In a globalised world, Lauren Haughey comments on the rapid escalation of the disease’s outbreak and publicity: how its infamously censored birthplace has dealt with the crisis
The Financial Times reported that in January, Chinese city Wuhan was host to an honorary dinner experience, attended and celebrated by over 40,000 families unaware that in the shadows lurked the increasing threat of a coronavirus epidemic, already discussed 2 weeks prior by fearful Hong Kong media outlets. But things quickly amplified. The veil was lifted and the world-stage became increasingly aware of the situation at hand. Right now, uncertainty surrounding the coronavirus is glued to the forefront of everybody’s minds. Should I buy a face mask? Should I still use public transport? Should I even take my holiday this year? With interconnections across the scope of our globalised world, Jack Hopkins reports that at present there are 73,451 confirmed coronavirus cases at the time of writing. It’s clear that things have escalated pretty quickly, and that’s undoubtedly scary for a lot of people.
However, as said previously, Hong Kong was publicising the issue before China, despite the origin of Corona being from within Wuhan’s seafood market. To confuse things further, the coronavirus was identified far back in December by Chinese doctor Li Wenliang, who was suggestively dismissed and told to keep quiet. But, as the Chinese people began sensing that something was in the air, journalists and whistleblowers began talking. Footage began circulating online too, with Fang Bin capturing sight of body bags outside Wuhan’s Number 3 hospital, and even claimed to see dead bodies draped alongside distressed patients.
Whilst it’s easy to be swept up in the commotion of the international health crisis, more dangerous questions can be raised regarding the facade of the Chinese government. Fang Bin has now been arrested, alongside various others who have publicly shared their experiences of the coronavirus. This therefore emphasises an alarming problem of information censorship within today’s China.
But maybe this all sounds familiar? Almost 20 years ago, the World Health Organisation revealed that approximately 774 people died from a “strange plague” known as SARS which spawned from China. Like what we’re witnessing today, SARS was barely acknowledged by Beijing authorities and state-controlled media, leading to a flourishing sense of betrayal among the Chinese people.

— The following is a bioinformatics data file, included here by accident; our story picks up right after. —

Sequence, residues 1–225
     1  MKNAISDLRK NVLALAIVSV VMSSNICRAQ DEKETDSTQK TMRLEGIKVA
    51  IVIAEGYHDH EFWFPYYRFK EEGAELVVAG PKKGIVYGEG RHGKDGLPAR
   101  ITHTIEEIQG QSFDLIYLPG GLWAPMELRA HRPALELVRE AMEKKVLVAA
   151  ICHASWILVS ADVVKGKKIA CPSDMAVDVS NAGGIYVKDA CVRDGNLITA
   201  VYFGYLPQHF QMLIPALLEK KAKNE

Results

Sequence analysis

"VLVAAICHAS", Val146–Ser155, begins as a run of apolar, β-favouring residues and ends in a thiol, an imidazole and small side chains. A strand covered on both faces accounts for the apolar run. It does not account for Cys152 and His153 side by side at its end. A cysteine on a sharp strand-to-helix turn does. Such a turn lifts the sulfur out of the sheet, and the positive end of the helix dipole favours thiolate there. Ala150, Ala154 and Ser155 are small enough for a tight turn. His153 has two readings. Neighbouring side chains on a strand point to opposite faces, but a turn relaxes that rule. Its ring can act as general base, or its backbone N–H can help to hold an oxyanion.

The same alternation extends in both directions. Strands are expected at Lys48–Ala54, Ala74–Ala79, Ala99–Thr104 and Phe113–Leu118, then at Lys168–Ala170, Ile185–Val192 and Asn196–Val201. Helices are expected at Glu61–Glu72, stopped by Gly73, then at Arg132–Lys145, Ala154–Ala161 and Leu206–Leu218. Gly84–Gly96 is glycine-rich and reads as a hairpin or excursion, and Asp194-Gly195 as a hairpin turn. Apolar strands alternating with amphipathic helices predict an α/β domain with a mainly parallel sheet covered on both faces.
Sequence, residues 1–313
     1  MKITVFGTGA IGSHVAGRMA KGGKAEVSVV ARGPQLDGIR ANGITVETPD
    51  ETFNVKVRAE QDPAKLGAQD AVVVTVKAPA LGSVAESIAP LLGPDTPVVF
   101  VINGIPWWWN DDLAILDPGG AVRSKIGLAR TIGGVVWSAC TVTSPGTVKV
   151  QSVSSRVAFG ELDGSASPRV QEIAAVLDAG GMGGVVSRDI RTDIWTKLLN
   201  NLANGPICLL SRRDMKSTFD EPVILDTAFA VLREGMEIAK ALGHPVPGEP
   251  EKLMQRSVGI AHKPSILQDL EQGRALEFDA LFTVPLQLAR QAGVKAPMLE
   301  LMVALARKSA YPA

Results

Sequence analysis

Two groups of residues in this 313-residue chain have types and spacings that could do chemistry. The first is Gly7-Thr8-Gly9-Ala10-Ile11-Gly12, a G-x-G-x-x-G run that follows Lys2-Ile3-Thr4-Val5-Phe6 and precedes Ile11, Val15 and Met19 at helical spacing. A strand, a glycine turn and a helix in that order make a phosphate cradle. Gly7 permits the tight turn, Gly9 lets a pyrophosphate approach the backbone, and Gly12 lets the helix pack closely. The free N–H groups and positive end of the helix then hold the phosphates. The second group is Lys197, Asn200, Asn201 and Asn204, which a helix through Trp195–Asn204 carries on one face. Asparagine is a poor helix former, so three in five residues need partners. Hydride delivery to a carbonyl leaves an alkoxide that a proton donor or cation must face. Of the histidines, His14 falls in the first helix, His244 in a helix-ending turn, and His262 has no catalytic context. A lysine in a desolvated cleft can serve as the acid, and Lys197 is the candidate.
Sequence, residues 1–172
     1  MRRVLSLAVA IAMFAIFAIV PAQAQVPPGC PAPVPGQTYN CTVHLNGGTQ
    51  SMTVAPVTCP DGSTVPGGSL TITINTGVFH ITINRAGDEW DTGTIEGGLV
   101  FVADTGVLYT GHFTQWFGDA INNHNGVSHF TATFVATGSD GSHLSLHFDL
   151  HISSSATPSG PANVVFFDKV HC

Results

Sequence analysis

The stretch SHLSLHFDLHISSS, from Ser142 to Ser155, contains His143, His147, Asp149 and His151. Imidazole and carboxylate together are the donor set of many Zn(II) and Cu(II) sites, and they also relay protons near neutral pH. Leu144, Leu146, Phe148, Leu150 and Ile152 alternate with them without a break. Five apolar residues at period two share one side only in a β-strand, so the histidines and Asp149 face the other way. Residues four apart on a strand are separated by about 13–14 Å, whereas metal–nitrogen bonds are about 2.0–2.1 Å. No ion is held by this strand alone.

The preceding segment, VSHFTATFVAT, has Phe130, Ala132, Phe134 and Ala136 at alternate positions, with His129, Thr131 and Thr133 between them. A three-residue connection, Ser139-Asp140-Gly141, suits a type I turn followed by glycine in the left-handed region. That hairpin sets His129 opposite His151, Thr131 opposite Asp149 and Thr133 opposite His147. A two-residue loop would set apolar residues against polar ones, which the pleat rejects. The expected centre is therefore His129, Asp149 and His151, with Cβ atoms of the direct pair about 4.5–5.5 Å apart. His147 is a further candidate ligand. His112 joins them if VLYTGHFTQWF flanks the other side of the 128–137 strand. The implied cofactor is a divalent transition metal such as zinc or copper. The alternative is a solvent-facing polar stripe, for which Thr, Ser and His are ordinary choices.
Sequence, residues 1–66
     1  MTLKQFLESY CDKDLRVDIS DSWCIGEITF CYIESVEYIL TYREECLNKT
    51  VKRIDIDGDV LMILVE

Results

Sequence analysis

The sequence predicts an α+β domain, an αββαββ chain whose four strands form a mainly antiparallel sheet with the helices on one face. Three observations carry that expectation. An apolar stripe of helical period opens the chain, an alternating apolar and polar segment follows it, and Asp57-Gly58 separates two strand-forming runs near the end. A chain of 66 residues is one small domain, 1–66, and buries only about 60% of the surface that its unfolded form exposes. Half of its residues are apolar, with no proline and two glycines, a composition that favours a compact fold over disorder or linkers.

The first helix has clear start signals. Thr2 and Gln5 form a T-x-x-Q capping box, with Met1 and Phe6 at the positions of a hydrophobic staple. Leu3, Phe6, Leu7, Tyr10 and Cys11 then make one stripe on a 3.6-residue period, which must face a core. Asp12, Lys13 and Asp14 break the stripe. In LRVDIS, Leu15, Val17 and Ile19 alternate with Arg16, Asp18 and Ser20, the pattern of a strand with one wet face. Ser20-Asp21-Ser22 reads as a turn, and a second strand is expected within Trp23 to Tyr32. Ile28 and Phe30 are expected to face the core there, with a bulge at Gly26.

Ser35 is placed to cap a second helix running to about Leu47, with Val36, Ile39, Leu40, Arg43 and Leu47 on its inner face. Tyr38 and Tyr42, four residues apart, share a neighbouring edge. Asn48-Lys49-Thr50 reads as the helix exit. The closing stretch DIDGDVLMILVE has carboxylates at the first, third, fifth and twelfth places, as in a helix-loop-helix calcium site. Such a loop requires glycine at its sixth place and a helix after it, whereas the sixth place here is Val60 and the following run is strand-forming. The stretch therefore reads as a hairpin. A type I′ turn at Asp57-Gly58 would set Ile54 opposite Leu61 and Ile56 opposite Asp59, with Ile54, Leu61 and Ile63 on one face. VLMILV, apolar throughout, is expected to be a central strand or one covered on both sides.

Like what we’re witnessing today, SARS was barely acknowledged by Beijing authorities and state-controlled media, leading to a flourishing sense of betrayal among the Chinese people.
While it should be appreciated that Xi Jinping has given an official statement regarding the epidemic and has rapidly initiated the construction of coronavirus-dedicated hospitals, people are still being arrested for voicing their opinions. But, in spite of it all, today we witness defiance as matters have been increasingly grabbed by the hands of individuals. For example, there are reports that overwhelmed staff members at the prestigious Wuhan Union hospital have been pleading for medical assistance and resources. In addition to this, Chinese social-media platform WeChat has exploded with cries of communities.
But even this still has its problems. Lack of transparency between government officials and the public has erupted into panic, leading to a global spread of fake-news and conspiracies, from cures of drinking bleach to the threat of Corona being a bioweapon. Although the chaos is far from over, there has been significant progress from an Australian lab where a copy of the virus was grown, having potential to assist trial vaccines. While this should provide some hope to those anxious about the future of corona, what happened with this disasterous chain of events should never be forgotten. If Li Wenliang was not dismissed, if whistleblowers were not arrested and if the Chinese government had been more forthcoming in communication, the spread of virus, scaremongering and uncertainty would not be as bad as it is today.